Kafka

Real-time data streams require scalable services

One thing that can’t be denied is that your company depends on data. Not only do you use it to make crucial decisions for marketing, planning, and product development, so many of your applications and services depend on that data to function. 

Making that data available to your software means you can extend the functionality such that it can serve many needs. From stock trading, fraud detection, data integration, and real-time analytics. In fact, the sky’s the limit when you have the right glue to join together your applications and your data.

And with a platform like Apache Kafka, you can create continuous streams of data between apps such as:

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    Web apps
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    Mobile apps
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    Desktop apps
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    Microservices
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    Monitoring
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    Analytics

with the likes of:

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    Apps
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    Social network feeds
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    NoSQL databases
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    Relational databases
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    Data warehouses
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    Analytics

Apache Kafka is capable of handling tasks like publishing, subscribing, storing, and processing data.

At its heart, Kafka is a distributed streaming system that is used to both publish and subscribe to data streams. With fault-tolerant storage, Kafka replicates topic log partitions across multiple servers and allows applications and services to process records as they occur. And because Kafka batches and compresses records, it enjoys an incredibly fast I/O, so it can stream data into data lakes, applications, and even real-time stream analytic systems.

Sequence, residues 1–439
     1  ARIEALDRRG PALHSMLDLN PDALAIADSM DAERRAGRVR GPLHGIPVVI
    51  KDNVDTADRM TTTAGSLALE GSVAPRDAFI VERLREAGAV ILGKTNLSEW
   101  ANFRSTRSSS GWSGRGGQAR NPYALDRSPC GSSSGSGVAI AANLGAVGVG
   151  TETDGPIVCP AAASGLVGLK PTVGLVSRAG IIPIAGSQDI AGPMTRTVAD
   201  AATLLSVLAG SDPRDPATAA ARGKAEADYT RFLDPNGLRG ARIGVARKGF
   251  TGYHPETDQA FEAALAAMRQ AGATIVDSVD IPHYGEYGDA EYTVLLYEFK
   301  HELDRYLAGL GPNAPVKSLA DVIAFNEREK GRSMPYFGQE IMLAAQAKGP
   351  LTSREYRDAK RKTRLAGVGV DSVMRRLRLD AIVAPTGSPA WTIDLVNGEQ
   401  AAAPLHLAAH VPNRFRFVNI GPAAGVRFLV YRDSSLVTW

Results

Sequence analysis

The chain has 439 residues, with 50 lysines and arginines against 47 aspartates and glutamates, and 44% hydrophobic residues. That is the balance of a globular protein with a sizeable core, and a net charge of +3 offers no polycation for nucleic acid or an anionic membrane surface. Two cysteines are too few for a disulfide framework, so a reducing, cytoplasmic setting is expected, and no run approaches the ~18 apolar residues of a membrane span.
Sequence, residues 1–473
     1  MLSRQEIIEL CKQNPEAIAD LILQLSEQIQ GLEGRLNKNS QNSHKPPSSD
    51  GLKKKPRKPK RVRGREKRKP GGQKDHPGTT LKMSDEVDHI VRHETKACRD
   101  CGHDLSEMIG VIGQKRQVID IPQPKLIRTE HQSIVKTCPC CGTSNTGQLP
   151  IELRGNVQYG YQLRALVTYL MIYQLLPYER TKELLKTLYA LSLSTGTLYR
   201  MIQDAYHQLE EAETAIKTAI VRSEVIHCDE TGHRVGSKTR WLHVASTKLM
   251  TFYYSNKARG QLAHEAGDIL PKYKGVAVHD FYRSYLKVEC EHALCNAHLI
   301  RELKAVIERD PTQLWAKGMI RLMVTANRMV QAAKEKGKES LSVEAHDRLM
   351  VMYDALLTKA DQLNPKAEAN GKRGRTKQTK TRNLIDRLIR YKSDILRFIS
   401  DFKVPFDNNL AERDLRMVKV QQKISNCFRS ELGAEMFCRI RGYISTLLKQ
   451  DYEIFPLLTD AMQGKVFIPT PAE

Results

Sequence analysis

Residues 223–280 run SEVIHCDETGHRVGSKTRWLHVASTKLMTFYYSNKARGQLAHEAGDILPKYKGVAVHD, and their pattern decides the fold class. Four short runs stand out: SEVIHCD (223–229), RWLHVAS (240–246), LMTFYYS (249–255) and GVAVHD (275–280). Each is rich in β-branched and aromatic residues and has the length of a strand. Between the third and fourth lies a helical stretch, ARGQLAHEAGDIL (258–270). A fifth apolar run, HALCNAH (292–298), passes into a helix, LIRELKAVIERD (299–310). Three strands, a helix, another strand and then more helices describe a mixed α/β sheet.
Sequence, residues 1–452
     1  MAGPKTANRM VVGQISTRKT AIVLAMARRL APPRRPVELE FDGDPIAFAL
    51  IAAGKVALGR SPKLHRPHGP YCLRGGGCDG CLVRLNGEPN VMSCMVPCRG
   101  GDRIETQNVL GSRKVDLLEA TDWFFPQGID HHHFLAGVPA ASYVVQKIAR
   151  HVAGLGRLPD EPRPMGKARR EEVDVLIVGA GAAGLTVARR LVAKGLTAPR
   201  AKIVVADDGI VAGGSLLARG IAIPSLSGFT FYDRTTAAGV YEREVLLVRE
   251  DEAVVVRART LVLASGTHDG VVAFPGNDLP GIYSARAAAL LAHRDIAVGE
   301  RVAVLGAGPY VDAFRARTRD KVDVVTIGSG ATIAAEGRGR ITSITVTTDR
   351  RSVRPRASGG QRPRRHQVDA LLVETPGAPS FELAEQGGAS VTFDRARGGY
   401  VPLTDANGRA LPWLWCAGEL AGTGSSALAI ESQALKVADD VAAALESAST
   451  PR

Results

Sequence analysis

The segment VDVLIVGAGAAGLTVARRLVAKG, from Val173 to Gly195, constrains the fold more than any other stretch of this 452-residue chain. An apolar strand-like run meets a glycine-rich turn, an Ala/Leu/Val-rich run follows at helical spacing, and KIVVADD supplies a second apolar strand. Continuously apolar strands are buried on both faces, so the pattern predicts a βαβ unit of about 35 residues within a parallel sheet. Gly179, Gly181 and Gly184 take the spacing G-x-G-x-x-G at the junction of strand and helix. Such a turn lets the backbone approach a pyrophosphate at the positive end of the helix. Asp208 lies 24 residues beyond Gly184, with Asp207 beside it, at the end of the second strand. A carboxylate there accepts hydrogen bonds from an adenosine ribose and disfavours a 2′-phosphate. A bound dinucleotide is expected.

To achieve this level of speed, Kafka enables in-memory microservices, which makes it possible to build real-time streaming applications, replicate data between nodes, re-sync nodes, and even restore data states.

So, if you’re looking to enable your business for the “always-on” consumer, where constant data delivery and automation are key, Kafka might be your answer.

Kafka Developers Hiring Guide

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  • Interview questions
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Kafka Use Cases

At this point, you’re probably thinking, “What can I use Kafka for?” The answer is, “Plenty.” With a skilled team of developers (who can work with the likes of Java, Scala, Python, .NET, Node.js, PHP, and Ruby), Kafka can be put to use for tasks like:

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    Real-time payment processing and other financial transactions.
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    Real-time shipment tracking and logistics.
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    Capture and analyze sensor data from IoT and embedded devices.
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    Real-time customer interactions, such as ordering and booking.
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    Real-time hospital patient monitoring and prediction.
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    Connecting departments, divisions, and warehouses for a single company.

Think of Kafka this way: If you need real-time interaction between data sources and applications or services, this open-source layer is the best on the market.

Kafka uses 3 important features for event streaming:

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    Ability to read and write streams of events (which includes the import and export of data from other systems.